a.) - Pick up loops (PU): Skip the knob next to your hook, and pick up loops in the last 6 stitches, 7 loops on hook. Keep in mind not to tighten the last loop or the piece will pucker on that side.
b.) - Work
off loops (WO): Yo, pull through first loop taking care
not to pull too tight, (yo, pull through 2 loops) to end, 1 loop
remaining on hook.
One pass made.
Notice each stitch you made creates 2 upright "bars," one toward you and one toward the back of the stitch.
QwikLesson: Knit-stitch creates a classic "knit" look on the front of the work facing you, and a knot or "purl" look on the back away from you. If you peek at the back of knit-stitch, you see purls.
Vicey-versy, Purl-stitch creates a knot or "purl" look on the front of the work facing you, and a classic "knit" look on the back away from you. If you peek at the back of purl-stitch, you see knits.
Knit tends to curl forward, purl tends to curl backward.
Picking up loops (PU) knit-wise: Yarn is behind the work as with normal crochet. Counting the single loop on the hook as the first, and skipping the first set of vertical bars under the hook, insert hook from front to back between the next pair of vertical bars, yo and pull up loop, 2 loops on hook.
Continue to PU knit-wise across, 7 loops on hook.
Working off loops (WO): Yo, pull through 1 loop, (yo, pull through 2 loops) across, l loop remaining on hook, 2nd pass made. Notice that knit-stitch appears to run vertical.
(Peek at the back of the work -> purls! Note the purl-stitch appears to run horizontal)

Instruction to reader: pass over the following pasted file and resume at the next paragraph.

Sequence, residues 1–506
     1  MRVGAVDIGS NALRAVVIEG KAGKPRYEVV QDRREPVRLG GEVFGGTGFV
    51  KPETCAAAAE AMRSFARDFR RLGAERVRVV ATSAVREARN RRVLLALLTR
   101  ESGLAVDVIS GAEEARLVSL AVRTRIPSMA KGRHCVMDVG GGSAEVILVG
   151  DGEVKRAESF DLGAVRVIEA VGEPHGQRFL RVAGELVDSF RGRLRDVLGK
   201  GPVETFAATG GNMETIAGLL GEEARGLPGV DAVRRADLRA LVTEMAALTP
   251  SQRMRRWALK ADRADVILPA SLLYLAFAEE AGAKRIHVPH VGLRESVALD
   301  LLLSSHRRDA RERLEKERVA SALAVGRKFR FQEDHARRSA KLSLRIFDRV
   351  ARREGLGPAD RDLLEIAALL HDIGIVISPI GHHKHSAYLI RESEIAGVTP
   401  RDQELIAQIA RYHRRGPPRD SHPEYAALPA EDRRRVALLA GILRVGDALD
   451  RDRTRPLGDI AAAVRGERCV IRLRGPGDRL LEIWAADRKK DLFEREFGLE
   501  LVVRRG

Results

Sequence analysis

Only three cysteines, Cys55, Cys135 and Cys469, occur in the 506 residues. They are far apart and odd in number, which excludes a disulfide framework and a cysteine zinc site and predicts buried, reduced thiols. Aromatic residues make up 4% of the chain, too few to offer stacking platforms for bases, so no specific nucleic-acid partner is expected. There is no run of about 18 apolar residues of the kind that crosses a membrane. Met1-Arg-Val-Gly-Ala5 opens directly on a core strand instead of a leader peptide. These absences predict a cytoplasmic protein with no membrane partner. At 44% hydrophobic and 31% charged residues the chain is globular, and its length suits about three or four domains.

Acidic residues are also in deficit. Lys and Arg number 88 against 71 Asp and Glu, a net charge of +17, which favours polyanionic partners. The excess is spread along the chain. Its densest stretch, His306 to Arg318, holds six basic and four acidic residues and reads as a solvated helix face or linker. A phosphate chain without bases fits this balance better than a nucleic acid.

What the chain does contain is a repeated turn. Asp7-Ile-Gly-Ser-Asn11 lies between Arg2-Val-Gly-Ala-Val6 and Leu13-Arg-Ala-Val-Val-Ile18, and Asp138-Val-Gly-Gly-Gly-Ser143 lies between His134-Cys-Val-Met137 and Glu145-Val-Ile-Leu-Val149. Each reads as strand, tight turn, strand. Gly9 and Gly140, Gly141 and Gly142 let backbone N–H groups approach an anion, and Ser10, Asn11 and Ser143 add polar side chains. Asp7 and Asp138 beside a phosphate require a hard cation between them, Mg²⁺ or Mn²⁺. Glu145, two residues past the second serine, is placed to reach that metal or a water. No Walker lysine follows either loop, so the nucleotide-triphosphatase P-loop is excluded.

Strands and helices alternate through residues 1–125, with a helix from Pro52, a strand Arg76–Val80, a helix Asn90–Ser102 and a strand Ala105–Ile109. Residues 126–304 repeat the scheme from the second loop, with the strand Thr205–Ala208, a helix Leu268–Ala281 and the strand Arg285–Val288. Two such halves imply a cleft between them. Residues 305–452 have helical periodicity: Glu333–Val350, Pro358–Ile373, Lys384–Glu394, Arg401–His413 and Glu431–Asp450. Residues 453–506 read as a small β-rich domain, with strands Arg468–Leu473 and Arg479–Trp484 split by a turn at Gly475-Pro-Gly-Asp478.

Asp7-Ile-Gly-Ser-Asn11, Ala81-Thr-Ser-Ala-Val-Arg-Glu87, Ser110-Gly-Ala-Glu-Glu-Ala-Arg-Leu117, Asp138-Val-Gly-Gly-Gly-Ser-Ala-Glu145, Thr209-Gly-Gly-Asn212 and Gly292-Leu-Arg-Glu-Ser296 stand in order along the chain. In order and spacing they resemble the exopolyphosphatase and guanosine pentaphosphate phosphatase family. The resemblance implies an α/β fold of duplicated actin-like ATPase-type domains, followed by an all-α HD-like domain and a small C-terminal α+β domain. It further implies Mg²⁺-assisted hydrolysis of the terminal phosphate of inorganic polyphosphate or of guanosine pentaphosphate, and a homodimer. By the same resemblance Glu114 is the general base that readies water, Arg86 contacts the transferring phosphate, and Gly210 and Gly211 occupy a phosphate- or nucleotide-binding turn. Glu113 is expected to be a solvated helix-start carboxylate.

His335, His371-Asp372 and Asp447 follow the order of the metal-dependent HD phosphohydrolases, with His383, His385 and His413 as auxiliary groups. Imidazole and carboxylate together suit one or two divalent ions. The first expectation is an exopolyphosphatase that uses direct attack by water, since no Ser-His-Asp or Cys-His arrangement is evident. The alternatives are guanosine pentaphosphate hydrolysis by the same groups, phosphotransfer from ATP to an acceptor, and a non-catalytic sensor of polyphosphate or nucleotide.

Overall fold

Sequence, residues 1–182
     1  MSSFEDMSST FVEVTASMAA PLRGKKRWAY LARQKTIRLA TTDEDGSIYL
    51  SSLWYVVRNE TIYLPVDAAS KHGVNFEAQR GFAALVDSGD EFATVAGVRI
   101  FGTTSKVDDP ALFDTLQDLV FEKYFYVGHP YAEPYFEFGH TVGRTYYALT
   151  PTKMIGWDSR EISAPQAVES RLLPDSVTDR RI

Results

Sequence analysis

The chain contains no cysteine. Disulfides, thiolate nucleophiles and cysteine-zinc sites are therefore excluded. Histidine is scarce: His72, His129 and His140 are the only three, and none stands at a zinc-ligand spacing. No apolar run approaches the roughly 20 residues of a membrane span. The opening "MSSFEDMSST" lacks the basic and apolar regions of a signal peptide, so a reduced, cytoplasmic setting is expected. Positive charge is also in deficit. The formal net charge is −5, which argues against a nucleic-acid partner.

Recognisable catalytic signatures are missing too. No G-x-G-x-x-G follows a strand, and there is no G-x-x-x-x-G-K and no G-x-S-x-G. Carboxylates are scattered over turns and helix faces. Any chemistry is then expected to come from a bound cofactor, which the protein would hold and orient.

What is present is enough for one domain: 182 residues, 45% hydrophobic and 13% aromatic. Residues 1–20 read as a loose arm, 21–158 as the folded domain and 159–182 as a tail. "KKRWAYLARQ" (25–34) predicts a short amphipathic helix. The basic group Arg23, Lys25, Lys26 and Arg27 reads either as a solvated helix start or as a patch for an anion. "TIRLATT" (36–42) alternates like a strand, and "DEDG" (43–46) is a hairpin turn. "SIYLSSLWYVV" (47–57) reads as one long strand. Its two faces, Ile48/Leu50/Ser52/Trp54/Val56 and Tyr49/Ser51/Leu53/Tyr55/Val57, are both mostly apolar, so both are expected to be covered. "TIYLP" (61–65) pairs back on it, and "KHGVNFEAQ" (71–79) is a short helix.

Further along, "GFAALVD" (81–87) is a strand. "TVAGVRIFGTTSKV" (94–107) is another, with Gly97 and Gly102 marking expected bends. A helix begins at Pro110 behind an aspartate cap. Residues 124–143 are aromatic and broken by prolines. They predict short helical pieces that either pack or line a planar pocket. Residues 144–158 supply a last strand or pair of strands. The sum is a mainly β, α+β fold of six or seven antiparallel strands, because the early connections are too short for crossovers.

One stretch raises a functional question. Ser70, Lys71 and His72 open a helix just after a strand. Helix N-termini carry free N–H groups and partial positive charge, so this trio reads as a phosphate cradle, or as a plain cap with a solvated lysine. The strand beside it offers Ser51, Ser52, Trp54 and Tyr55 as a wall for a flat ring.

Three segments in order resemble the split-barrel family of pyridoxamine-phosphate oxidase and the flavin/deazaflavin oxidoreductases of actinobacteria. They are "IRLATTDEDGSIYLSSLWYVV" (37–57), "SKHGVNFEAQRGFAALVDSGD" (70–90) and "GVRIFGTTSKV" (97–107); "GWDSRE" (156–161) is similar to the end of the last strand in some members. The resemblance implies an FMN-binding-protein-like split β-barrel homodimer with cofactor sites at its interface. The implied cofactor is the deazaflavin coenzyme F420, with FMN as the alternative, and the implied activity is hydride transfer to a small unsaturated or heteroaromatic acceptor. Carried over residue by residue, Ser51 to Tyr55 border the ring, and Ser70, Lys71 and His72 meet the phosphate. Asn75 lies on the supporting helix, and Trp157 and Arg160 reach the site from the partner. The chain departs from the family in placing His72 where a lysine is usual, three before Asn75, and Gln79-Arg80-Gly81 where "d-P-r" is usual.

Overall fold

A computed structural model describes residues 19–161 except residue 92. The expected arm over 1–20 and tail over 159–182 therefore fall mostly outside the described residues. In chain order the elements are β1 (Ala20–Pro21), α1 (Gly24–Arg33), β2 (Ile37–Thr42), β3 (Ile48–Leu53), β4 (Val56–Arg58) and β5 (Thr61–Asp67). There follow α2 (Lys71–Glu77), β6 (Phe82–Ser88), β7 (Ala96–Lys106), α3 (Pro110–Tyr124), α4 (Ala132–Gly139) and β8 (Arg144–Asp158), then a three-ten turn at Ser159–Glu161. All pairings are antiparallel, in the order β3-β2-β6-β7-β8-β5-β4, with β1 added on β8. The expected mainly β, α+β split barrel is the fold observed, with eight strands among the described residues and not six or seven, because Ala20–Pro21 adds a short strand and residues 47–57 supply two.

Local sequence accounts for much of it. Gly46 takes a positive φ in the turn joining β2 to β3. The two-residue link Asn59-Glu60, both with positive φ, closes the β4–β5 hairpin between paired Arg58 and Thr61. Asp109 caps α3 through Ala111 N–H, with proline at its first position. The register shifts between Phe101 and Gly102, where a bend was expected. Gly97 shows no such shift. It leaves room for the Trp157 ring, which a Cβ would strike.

Make another pass. Note that on the 7th stitch, insertting hook between veritcal bars makes 2 threads on the side border, this is for strength of the piece.
As you progress, even out the tension of the loops to help maintain uniform size. I like to tug the work backwards over my fingers now and then to prevent severe curling. Hook should always slide smoothly through the loops.
Continue making passes until your "weave" is 7 rows high.
Row 2, 2nd "weave" square - Rotate the piece forward to you and toward the back end of your hook, so that the back of the work faces you and the side is now the top. Pull the yarn over and to the rear of the work, and behind the hook as with normal crochet.
Right here, we are going to create the dimensional look to the basket-weave. Note there is an extra loop in the top line. We skip not only the first one as before, but now the next as well, to maintain our 7-loop count, and create a "ditch" between the "weave" squares.
PU knit-wise across, noting the 7th loop which tends to get lost.
WO in the normal manner, 1 loop on hook, 1 pass made on this row.
Make knit-wise passes until this second "weave" square is 7 rows high,